Here is my Passionate Poetry page on Facebook linking awesome poems also from fellow hubbers so I may help share their work. It's

There is a poem of yours that I was waiting for your approval to share it. I'm glad you consented. Thank you. :)

Please come visit Passionate Poetry page on Facebook. This poetry page is just new. Nothing much in there yet, but slowly adding up...

I'm most delighted to have Poet Deborah Brooks Langford!

Sincerely, Tess (Marites Mabugat on FB)

Deborah Brooks Langford from Brownsville,TX on September 06, 2012:

Your poem is so sad and beautiful I am crying for the children.. You expressed it all so well.

If it is alright with you I want to feature you and your hub Alms and a heart of gold in my hub I am working on about 9/11,,

God Bless you and I would love to join your poetry page on Facebook

are we friends on Facebook? Deborah Brooks Langford

epigramman on September 05, 2012:

I've seen a lot of gigs in my day in your hometown of Toronto (my second home when I was younger - I am 54 years young now)

Bob Marley, and then his wife and his backup band The Wailers once again after Bob died

U2 in a small club called the El Mocambo

the Police in a small club called The Edge

Stevie Ray Vaughan, Lou Reed, Willy Deville, and Robert Fripp at the El Mo

the Who with Keith Moon

Led Zepelin in their last tour in Toronto

Frank Zappa, Springsteen, the Tubes, Bowie, the Stones ..... this list goes on -lol - countless jazz gigs, and the blues and of course my love of classical ballet and modern dance - and yes those all night dance clubs in the 80's like the legendary Voodoo club .......ah yes those were the days ...... lake erie time 12:03am

Marites Mabugat-Simbajon (author) from Toronto, Ontario on September 05, 2012:

Wonderful words you speak and beautiful thoughts from your mind, epigramman, that it made me read your comment here twice. There are also beautiful and talented photographers out there who capture the moments of the lowest realities man or neighbour can seem not to find enough hope to help the very needy. They are sending out messages through their photographs- to the world.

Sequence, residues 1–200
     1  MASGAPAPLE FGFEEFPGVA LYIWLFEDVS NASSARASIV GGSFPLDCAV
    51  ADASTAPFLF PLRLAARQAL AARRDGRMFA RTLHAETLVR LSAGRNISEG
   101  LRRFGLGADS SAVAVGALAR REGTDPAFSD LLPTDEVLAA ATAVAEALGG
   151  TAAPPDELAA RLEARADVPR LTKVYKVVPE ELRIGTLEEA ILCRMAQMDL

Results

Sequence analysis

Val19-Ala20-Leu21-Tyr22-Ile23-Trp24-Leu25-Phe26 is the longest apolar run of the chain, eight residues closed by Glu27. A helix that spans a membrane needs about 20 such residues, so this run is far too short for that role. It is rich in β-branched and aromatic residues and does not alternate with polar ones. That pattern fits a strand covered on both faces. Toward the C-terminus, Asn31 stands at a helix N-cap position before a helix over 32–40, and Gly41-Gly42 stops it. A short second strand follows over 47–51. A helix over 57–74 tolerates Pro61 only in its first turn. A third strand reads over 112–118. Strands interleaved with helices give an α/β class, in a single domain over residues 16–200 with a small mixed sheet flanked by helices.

Deep in my heart, epigramman, I thank you for your kind words and I really do feel that way in my writing when something strikes and make an immediate imprint through my inner feelings. Glad to be able to share. Always happy to share :)

I like any type of music, less the banging of heads and destroying of guitars, hehehe! There are some jazz songs I like, some, would make me switch in a second. I am kind of a frequent listener to the 'oldies but goldies' music. I am a fan of the rock and roll and The Beatles, but with long time listening to them, it hurts my eardrums, YEAH YEAH YEAH!!! Simple rhythm that sends me humming, singing, swaying, dancing, even beating the table can already make my day! But when I start cleaning the house, I play the Black Eyed Peas! Makes me jump!

epigramman on September 05, 2012:

...well this is an epic hub presentation of images and poetry from an epic human being - and unfortunately this 'story' has been with us since the beginning of time and is still with us to this very day all over the world and not just in underdeveloped third world countries - so to speak - but in cities all acrosss North America and Europe and so on.